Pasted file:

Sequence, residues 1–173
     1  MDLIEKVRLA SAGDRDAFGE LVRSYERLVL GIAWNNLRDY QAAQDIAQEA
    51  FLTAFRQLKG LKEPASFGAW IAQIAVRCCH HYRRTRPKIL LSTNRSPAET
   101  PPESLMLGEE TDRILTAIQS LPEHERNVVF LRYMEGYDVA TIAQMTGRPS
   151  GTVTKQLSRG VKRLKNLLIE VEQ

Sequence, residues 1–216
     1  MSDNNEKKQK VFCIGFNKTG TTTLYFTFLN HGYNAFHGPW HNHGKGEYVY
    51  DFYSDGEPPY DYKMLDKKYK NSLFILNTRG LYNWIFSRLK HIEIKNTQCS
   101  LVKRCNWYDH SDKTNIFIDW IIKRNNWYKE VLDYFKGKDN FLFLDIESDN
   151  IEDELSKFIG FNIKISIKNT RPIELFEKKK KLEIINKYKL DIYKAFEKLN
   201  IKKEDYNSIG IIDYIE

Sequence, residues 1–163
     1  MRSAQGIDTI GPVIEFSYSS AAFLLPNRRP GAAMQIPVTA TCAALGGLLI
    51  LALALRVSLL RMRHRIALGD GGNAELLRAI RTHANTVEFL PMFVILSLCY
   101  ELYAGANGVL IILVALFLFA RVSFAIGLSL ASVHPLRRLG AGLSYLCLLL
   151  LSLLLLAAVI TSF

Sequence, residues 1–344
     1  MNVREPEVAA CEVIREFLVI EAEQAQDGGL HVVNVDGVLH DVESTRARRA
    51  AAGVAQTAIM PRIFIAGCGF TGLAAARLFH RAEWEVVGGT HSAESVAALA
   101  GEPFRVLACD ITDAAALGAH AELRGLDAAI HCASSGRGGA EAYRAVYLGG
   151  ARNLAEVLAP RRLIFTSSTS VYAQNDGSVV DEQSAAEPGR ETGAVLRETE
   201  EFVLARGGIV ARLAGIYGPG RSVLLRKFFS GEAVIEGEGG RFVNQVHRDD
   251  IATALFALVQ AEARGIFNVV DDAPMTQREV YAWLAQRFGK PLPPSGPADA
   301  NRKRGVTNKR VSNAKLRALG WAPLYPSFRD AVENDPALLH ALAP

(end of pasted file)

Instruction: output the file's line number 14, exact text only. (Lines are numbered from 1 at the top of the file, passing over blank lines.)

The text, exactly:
    51  LALALRVSLL RMRHRIALGD GGNAELLRAI RTHANTVEFL PMFVILSLCY